Accuracy in Media

Teen Vogue once again is misinforming its readership and promoting policies without backing them up with solid reporting.

The Federal Trade Commission, led by Lina Khan, is proposing that non-compete agreements should be banned. The truth here is a little more complex. Non-competes have, arguably, got out of hand. Hamburger flippers should not be asked to sign them, it is a restraint of trade if it is insisted they do. On the other hand, sometimes they’re necessary – when the guy at Coke finally gets told the secret recipe seems fair enough that he can’t quit and go to work for Pepsi. Same with the KFC special spices, or the investment banker who knows everything the bank owns and invests in.  Or the salesman who knows who all the corporate customers are, the exact amounts they pay, their discounts and all that.  It makes sense that some high-echelon employees should be asked to wait a couple of months before they work for the competition.

There is no exact dividing line here, it’s a complicated subject. The FTC has decided differently and wants to ban them all. So, now there’s a public consultation period. Folk can write in and make the sort of points above if they’d like to.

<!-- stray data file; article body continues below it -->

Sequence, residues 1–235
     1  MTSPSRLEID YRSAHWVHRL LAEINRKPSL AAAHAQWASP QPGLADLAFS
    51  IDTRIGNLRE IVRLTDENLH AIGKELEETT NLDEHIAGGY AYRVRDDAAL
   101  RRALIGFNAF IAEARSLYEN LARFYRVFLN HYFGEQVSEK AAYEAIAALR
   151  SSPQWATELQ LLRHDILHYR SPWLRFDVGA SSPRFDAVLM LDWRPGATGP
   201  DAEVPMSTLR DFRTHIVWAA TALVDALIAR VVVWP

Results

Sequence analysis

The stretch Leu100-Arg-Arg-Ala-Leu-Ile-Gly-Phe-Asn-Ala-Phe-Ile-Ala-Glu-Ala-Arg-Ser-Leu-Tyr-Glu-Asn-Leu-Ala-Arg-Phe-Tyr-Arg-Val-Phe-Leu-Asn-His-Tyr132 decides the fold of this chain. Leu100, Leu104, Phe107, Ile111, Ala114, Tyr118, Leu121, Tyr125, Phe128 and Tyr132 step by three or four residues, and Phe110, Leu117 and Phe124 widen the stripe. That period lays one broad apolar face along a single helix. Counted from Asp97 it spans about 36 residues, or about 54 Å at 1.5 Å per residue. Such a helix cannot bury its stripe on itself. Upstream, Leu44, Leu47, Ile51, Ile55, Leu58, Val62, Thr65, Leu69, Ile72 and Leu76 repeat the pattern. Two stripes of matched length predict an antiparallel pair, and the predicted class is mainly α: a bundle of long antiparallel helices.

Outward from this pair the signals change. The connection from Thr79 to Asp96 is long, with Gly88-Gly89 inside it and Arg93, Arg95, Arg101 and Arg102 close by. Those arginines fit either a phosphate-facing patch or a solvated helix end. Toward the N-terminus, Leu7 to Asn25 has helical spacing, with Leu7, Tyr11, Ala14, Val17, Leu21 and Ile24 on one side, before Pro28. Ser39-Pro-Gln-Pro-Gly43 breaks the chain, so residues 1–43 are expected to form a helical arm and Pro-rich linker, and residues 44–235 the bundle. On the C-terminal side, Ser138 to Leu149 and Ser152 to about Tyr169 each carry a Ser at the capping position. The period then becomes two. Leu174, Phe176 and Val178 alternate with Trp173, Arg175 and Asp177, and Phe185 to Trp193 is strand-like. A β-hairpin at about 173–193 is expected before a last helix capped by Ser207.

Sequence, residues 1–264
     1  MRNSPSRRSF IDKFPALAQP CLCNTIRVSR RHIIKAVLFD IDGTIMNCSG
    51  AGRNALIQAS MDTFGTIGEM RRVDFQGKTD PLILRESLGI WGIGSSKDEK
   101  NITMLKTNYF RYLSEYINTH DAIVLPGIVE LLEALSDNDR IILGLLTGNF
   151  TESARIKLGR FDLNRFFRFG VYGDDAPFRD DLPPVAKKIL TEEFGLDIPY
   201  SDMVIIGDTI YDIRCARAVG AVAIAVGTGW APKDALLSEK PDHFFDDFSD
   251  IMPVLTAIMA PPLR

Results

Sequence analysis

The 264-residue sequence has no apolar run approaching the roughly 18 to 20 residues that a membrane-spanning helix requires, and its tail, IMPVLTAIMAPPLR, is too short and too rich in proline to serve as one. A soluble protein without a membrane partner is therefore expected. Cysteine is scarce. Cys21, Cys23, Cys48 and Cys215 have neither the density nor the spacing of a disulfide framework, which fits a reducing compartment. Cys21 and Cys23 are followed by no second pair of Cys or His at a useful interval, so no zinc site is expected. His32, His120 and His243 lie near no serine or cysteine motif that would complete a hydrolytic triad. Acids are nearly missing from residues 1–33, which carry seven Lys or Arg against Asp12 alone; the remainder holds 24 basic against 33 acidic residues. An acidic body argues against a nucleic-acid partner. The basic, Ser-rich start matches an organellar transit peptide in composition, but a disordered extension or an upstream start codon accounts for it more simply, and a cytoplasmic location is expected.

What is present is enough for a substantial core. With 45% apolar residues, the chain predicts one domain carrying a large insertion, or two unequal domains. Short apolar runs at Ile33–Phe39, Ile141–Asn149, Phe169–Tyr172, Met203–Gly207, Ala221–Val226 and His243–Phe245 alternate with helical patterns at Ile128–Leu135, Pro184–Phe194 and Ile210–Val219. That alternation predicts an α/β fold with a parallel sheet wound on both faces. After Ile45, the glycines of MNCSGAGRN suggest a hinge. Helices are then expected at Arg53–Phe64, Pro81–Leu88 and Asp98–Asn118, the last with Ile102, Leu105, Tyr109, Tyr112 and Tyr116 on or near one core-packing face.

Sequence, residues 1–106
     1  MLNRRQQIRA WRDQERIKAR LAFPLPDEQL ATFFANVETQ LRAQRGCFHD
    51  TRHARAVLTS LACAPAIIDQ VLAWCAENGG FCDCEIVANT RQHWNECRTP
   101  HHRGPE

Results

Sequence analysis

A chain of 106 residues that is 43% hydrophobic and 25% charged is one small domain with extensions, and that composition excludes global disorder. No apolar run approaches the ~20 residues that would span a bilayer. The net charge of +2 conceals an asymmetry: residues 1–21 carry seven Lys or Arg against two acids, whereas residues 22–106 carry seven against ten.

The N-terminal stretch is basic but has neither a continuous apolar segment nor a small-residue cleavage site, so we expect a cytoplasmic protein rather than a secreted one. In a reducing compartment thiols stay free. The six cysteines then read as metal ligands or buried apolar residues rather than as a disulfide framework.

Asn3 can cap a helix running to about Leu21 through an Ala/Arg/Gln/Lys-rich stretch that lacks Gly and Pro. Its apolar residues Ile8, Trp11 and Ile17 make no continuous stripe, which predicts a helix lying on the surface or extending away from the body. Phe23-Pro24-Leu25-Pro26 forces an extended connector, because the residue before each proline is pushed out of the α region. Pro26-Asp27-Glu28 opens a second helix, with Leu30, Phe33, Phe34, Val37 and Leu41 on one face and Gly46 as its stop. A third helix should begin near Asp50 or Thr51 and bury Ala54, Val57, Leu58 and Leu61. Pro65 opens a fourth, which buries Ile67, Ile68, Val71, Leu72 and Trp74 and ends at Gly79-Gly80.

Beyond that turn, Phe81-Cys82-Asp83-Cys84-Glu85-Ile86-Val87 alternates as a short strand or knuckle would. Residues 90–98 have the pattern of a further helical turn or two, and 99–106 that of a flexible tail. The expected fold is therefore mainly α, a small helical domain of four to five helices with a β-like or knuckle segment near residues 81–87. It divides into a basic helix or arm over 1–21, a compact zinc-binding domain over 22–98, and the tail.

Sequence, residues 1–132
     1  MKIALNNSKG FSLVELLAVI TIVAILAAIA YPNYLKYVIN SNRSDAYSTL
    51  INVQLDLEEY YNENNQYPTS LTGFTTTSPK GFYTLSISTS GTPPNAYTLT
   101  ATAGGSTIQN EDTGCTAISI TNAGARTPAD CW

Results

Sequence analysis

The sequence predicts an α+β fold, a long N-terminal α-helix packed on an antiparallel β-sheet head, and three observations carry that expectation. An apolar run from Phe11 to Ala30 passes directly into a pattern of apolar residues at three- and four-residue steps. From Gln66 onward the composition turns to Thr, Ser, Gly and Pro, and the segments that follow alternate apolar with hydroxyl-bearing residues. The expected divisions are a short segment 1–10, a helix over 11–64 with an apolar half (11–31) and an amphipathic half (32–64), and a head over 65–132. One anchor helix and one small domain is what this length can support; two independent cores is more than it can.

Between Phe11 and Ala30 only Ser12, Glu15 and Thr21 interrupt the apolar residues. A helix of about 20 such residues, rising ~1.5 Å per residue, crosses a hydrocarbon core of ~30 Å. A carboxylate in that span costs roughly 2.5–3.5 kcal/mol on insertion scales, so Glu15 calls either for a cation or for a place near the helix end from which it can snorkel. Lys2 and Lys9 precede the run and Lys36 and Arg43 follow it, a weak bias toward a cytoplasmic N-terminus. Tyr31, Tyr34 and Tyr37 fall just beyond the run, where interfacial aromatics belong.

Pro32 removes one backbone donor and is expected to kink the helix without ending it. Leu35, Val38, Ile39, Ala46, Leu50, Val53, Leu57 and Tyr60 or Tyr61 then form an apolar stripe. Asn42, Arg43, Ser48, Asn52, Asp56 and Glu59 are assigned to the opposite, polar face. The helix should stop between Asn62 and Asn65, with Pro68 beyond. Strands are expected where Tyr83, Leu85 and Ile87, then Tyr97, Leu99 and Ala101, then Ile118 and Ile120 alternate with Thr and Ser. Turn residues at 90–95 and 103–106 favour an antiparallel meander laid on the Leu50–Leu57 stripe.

Teen Vogue claims to “Educate the influencers of tomorrow” and that’s a noble goal. It’s just that they don’t educate on this subject at all. They just insist that the FTC is right. And that it will be Big Bad Business that will object. So they suggest that their readers, who they have not bothered to inform of the complexity, should:

It’s pretty much certain that big corporations and business interests will share their perspective on the FTC proposal, so it’s very important for the agency to hear the voices of hardworking people and the future workforce too. The relevant page on the FTC’s website has a blue rectangle at the bottom marked “submit a comment,” which is where you click to share your input through March 10. Another link allows you to browse the comments submitted so far. Many are just a sentence or two from everyday people detailing how they’ve been adversely affected by noncompetes or simply sharing their views.

In addition to supporting the FTC’s proposal,

Teen Vogue’s readers, who have been misinformed about this, should write in to support the FTC.

Teen Vogue ranks 424 for news and media outlets in the US. It gains some 5.6 million visits a month from that position. The tagline is “Educating the influencers of the future” and while we share that noble goal we do think Teen Vogue has a long way to go on the education part.

For example, insisting the misinformed write-in to help decide government policy isn’t really doing us all a great favor now, is it? Being responsible for the misinformation about the complexity of the subject is even worse.




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